OOP in Python, part 17: Composition
MP 63: An important complement to inheritance.
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Inheritance is a natural concept to introduce when teaching and discussing OOP. As powerful as it is, however, it can lead to problematic models of real-world objects and abstract concepts. Many of these issues can be addressed using a concept called composition.
With inheritance, you model complex systems by writing classes that extend the behavior of other classes. Inheritance is a powerful concept, but it can create problems when the classes become too tightly coupled. For example, making changes to an existing class can affect all subclasses, even the ones you have no control over.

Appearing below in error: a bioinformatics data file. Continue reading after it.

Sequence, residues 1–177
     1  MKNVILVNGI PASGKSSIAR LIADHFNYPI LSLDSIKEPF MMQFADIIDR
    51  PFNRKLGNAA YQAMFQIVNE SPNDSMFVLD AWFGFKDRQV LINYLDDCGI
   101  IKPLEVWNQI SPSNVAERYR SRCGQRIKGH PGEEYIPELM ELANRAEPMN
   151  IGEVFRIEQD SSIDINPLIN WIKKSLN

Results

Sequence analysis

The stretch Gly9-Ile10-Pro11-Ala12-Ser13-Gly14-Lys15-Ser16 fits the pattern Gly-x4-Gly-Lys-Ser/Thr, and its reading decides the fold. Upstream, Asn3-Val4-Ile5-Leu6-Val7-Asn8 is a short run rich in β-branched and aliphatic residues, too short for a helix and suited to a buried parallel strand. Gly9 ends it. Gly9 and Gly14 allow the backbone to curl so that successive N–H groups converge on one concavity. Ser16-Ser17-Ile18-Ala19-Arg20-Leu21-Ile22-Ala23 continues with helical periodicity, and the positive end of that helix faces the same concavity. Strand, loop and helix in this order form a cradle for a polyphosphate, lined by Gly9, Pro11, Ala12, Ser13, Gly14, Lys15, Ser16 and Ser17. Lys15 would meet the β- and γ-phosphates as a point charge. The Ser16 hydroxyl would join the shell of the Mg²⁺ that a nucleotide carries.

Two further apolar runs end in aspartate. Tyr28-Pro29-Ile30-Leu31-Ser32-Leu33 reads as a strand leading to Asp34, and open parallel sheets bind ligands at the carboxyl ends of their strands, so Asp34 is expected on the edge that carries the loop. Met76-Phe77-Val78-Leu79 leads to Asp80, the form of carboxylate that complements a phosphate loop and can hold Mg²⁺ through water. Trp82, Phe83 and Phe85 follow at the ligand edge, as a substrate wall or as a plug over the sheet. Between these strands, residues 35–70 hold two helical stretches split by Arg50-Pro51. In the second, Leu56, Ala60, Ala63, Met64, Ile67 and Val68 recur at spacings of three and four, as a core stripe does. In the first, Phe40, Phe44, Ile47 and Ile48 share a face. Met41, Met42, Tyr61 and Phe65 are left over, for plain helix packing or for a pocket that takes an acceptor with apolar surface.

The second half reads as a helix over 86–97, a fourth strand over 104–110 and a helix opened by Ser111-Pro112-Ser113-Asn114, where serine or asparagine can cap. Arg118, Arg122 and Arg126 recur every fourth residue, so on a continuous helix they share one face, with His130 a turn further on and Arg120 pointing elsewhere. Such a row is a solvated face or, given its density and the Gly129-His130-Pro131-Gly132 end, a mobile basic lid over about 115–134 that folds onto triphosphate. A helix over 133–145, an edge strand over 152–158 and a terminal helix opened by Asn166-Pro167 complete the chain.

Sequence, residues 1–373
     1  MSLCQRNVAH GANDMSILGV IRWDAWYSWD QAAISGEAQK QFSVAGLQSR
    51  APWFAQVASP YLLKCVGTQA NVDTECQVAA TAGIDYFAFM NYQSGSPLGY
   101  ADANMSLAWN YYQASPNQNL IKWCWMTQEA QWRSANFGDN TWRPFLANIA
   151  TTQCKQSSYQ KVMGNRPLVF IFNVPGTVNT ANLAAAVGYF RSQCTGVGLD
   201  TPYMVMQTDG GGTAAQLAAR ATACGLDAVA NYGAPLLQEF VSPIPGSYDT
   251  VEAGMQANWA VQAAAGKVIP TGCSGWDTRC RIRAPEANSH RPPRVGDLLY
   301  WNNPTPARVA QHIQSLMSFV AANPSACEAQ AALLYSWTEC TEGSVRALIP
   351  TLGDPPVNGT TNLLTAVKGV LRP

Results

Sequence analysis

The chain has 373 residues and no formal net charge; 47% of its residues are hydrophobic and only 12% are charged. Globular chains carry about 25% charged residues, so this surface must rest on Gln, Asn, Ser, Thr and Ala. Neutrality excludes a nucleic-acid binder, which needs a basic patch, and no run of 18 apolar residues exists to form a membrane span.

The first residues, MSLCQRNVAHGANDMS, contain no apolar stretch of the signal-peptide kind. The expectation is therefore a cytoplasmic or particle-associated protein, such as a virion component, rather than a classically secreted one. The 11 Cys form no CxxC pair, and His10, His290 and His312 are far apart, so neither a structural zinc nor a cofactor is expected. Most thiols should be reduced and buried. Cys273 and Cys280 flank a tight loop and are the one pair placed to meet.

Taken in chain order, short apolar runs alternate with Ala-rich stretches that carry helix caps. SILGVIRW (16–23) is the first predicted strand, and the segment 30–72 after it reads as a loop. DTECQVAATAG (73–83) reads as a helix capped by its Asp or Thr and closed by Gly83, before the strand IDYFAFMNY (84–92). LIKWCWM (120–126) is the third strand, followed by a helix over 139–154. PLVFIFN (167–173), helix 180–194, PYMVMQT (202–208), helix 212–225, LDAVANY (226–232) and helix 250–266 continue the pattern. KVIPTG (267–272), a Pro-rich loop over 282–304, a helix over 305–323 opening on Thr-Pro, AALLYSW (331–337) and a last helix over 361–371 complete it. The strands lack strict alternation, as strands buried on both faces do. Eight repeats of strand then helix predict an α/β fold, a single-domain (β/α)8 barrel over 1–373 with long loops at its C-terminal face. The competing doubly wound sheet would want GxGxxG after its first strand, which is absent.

When using composition, you write smaller classes representing individual parts of a system. The resulting connections between classes are much less likely to create issues as each part of the system evolves.
If you’ve written code that uses OOP there’s a fair chance you’ve used composition before, even if you haven’t heard the term specifically. As an example, consider the context of modeling a library that lends books to its patrons.
Here’s the first part of library.py:
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